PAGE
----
You didn't relate to the creator anymore. No, despite the droughts, despite the creative hiatus, despite the everchanging black and white pendulum that worked beneath his fingers, it was not the creator that you related to. It was, in fact, the admirer.

And so you cried, your pendulum mind beating with a migraine of the sweetest flavor, your body shaking, your bones aching, your fingers begging you to write. But the drizzle of rain was over. You were left with only the bittersweet taste of a beginning.

You realized that you didn't want people to relate to your writing or art because of your mental state. In fact, you didn't want people to connect your work to your mental state at all. You want people to relate to your work because it's relateable, because they can relate to you and what you've experienced, what you have to say.

The easiest way to explain it is this: you like to share, but not unless you're sharing what's yours. You think about a memory lost long ago, where you will still an outgoing kid, still full of bright energy, and someone called out a cheer to you while you were at the first place in a running race. You got upset, flustered - your face grew red, your hands bunched up into fists, you were ready to strangle someone. And at the end of the race, when you had lost your place and finished last, you told your cheerleader, "Don't do that. Don't cheer for me like that." And they asked why, because they were being nice and supportive, and they truly were - but you were mad, you were mad but you didn't understand why, so you stormed off and lost yet another friend. You went from black to white.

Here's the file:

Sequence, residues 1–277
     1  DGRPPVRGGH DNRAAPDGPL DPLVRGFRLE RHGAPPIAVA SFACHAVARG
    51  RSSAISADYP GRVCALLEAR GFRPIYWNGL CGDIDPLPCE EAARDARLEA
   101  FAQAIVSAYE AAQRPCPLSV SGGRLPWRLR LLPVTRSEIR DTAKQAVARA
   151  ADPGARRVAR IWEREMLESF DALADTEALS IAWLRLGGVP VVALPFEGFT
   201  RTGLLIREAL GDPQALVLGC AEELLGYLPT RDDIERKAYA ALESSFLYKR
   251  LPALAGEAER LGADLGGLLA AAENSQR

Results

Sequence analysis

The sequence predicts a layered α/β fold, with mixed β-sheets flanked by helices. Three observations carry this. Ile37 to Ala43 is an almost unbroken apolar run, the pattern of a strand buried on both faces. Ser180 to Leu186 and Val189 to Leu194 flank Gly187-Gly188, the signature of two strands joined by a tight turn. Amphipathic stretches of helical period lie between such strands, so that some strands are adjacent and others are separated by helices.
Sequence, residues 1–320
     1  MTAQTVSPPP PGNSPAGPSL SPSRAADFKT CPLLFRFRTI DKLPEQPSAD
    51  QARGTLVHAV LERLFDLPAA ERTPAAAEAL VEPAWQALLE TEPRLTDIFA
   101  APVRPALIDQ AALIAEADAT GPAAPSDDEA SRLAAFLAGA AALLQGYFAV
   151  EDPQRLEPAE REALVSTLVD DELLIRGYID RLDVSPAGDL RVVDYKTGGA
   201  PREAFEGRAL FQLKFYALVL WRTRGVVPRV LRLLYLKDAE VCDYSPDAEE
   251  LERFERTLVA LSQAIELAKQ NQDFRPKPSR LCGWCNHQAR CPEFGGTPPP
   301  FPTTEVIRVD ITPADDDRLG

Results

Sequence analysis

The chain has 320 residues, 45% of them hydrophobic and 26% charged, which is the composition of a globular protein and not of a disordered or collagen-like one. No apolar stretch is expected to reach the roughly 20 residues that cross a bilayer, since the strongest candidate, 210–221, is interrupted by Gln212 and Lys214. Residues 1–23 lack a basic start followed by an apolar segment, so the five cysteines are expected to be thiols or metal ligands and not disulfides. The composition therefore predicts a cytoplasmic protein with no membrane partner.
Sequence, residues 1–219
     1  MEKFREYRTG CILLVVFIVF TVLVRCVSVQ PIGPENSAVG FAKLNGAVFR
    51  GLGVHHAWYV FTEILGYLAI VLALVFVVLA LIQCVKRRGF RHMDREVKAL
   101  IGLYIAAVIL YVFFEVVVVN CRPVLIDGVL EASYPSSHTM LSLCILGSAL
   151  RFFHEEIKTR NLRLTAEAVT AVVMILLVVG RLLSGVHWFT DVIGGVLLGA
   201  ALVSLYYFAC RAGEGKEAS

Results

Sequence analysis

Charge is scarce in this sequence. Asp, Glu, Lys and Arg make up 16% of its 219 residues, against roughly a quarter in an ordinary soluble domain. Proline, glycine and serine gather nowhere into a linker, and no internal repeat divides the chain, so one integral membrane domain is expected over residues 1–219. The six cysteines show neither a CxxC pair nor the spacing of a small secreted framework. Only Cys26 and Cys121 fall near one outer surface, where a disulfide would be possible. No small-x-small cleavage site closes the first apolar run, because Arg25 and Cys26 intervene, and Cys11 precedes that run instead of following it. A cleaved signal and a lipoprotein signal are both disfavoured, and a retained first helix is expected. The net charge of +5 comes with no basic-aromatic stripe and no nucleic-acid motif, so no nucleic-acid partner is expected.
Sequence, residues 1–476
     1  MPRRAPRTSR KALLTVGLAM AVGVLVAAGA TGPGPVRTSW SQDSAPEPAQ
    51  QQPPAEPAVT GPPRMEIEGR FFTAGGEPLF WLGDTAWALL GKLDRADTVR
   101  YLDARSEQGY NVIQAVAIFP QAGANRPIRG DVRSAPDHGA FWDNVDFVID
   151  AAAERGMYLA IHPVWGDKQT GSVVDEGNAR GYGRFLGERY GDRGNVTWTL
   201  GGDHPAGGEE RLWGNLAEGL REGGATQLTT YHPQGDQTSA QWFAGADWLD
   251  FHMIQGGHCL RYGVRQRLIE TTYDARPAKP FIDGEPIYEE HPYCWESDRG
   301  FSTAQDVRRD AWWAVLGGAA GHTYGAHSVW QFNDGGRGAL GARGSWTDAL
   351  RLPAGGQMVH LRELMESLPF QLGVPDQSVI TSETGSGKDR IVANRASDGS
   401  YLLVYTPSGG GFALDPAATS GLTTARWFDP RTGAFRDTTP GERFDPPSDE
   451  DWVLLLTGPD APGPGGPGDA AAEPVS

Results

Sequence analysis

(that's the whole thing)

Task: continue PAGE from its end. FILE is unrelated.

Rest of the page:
That's what it is - a misinformed feeling of success, of pride. You like compliments, you love attention - but you do not want it until you yourself feel worthy of it, otherwise you see no value in your work, in yourself. You get one praise and you throw away a piece of unfinished artwork, an entire book full of hours of work and memories, you run over to the other side and you lose yourself. You don't want the black until you have the white, and vice versa - goddammit, you want balance. You want to stop being an idiom and to start existing as one, as one balanced being. You want to start being poetry and stop being a paradox.

Now, here you are. Finally out on sea, on open waters, and... you realize something, something quite puzzling.

Grey. The middleground between black and white, the voice in the back of your head that's begging you to stop slamming it against two different doors. If you keep running between two extremes, don't you, at some point, deserve a drought, a lack of rain and river, to give you that grey area where you can rest?